LiveWorld launches LiveBar, a way to add community to every web site

Big companies aren’t always that good at creating engaging online communities for their customers. LiveWorld hopes there’s a market in handling that task. And now it is releasing LiveBar, which is a way to overlay bare bones social networking functions on any web page within minutes.

LiveBar isn’t much to look at. It’s just a black bar that runs across the bottom of a web page. But it enables a company to put Web 2.0 features in the exact part of a web site where people would want to comment. A movie site can instantly become a fan site by adding LiveBar. Its features include conversation threads, “soap boxes” (or blogs), and “shorts,” or 140-character messages that resemble Twitter messages.

With these features, a previously static web page becomes more interactive, making the overall site stickier, meaning users will linger on it longer. That translates into a more attractive site for advertisers and more ad revenue. Users can click on different tabs on the translucent bar to read or leave their own messages. The LiveBar is fairly unobtrusive and doesn’t slow a site down, the company says. Customers can mix and match the social networking components as needed.

On a page that promotes “Entourage,” for instance, HBO could create a social network for the hit TV show with LiveBar where people can discuss the content of the page, said Peter Friedman, chief executive of LiveWorld in San Jose, Calif. He calls this “contextually relevant community,” meaning that users can leave comments exactly where they want to on a large media site. You can, for instance, create a social network for a particular episode of Entourage by putting LiveBar on the page that describes that episode.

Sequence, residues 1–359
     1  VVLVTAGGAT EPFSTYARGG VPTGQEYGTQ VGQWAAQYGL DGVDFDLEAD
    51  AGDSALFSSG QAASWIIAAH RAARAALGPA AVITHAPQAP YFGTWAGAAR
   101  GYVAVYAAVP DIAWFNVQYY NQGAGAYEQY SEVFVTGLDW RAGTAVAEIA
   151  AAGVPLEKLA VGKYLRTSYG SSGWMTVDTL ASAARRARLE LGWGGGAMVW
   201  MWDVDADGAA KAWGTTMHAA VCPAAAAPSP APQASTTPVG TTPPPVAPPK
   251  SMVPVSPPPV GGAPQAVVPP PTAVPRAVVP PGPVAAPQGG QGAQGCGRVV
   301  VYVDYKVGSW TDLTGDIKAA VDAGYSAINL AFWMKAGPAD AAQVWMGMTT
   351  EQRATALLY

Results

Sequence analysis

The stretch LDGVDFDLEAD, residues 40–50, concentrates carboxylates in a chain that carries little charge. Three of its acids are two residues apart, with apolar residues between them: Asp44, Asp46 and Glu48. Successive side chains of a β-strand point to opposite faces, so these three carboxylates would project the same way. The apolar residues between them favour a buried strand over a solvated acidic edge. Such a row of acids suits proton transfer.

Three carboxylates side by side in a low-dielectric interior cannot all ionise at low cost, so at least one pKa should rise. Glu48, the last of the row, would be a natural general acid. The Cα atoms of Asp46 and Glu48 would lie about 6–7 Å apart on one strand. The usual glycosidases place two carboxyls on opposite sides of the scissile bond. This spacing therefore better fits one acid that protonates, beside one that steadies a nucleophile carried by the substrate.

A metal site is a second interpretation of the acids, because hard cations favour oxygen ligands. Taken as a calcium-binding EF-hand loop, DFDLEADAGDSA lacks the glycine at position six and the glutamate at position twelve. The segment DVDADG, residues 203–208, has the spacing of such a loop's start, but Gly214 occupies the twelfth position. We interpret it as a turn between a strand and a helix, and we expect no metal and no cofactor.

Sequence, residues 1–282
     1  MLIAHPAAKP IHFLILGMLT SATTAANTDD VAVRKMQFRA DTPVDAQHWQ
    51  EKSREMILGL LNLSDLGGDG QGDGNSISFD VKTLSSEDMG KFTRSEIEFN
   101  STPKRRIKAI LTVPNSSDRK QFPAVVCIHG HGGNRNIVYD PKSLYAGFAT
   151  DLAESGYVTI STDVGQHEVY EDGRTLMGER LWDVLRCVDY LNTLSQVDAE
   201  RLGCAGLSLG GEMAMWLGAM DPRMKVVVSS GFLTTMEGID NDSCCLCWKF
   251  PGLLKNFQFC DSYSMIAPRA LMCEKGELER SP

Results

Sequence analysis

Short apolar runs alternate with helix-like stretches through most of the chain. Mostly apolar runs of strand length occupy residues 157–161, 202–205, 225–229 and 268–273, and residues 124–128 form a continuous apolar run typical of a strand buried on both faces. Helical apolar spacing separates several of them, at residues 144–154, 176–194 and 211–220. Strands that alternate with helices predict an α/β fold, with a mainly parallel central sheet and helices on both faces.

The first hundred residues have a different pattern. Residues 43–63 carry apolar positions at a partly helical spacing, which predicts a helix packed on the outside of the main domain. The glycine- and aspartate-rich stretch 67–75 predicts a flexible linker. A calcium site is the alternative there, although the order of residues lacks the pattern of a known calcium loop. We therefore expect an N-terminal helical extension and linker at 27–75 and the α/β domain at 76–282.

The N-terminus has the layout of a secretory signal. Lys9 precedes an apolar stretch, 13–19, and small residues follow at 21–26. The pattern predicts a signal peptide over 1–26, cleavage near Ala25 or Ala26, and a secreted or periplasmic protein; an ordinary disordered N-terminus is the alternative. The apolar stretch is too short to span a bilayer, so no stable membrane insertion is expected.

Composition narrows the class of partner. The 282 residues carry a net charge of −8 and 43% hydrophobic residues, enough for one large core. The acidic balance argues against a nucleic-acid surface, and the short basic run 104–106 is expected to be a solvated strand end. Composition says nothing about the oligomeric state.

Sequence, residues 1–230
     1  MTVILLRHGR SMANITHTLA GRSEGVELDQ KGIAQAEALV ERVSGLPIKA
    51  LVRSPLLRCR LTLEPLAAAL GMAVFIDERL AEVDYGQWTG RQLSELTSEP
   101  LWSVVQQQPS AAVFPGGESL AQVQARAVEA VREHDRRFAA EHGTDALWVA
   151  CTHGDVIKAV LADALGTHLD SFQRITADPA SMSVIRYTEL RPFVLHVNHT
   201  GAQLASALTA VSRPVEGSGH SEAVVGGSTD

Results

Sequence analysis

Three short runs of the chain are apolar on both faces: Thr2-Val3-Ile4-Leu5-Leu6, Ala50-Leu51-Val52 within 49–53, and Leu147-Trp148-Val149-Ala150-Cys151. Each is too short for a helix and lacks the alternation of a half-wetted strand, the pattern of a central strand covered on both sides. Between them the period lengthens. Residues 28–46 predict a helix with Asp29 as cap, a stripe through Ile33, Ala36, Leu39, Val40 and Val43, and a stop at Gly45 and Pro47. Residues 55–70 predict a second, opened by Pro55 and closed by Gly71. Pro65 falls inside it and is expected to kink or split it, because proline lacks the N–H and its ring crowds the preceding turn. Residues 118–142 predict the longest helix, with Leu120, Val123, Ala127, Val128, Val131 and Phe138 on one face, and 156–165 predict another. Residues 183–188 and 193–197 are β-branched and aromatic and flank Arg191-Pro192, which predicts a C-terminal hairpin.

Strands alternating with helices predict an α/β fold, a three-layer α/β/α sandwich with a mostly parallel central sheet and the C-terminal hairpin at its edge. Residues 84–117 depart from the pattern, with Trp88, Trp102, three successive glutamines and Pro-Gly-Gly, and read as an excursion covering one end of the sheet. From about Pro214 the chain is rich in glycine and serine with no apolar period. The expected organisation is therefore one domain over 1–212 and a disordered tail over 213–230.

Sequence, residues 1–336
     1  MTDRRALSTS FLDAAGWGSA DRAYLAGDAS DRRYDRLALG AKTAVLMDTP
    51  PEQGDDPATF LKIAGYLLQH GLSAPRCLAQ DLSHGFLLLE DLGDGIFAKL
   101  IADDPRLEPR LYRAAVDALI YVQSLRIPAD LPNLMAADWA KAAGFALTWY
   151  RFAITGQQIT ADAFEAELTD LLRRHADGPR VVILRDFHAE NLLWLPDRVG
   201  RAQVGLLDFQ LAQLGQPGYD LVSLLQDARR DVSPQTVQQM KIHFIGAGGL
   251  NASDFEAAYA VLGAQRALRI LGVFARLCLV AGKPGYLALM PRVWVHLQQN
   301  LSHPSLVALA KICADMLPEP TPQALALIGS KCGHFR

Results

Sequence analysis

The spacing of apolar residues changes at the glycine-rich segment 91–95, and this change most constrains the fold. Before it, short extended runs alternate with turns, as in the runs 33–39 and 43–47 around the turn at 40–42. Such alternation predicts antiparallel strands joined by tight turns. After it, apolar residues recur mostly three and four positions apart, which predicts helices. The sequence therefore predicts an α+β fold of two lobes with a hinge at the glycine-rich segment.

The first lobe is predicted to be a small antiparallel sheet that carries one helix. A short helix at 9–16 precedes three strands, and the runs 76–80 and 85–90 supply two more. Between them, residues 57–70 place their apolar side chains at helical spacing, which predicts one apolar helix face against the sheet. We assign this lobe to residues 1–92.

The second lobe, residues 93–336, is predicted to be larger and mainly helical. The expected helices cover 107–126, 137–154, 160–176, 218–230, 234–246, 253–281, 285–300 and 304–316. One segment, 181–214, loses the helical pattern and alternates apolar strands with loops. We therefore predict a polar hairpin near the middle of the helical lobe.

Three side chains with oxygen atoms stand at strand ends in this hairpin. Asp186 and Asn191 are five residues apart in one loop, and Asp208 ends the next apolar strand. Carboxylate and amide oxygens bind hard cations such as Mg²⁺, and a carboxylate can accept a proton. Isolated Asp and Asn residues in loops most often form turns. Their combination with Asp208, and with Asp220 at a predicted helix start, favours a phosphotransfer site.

Because the LiveBar features are standardized, they’re easy to add to any site. It takes minutes to do. By comparison, getting companies to add customized Web 2.0 features to web sites can often take months. As such, LiveBar is a tool for retrofitting pages that were created in the days before Web 2.0. It’s a way for companies to play catch-up in the Web 2.0 game, where engaging consumers in a conversation is just as important as presenting information to them.

The goal of the tool is to increase traffic to a given web page and thereby increase advertising revenue. LiveWorld gets a set-up fee and license fee. The company has 70 employees and 200 moderators.

LiveWorld is publicly traded over-the-counter (LVWD.PK) with revenues of $3.1 million reported in the second quarter. Sales were up 25 percent from a year ago. The company lost $138,000 in the second quarter, compared to a loss of $637,000 a year ago.

Tulane University and A&E’s Bio.com are the first clients but Friedman said others will be added soon. LiveBar is an addition to services that LiveWorld already offers, such as community moderation, the operation of online support sites, and applications hosting.

LiveWorld, which calls itself a social-media agency, already has a ton of well-known customers, including A&E Television Networks, The Campbell Soup Company, eBay, HBO, HSBC, Kraft Foods, LeapFrog, Neutrogena, MINI Cooper USA, TJX, and QVC. The Bio.com site will be launching this fall with LiveBar.

The company competes with Lithium Technologies, another company that outsources community support functions for big companies. Lithium recently raised a $12 million round.


Mobile developer or publisher? VentureBeat is studying mobile app analytics. Fill out our 5-minute survey, and we'll share the data with you.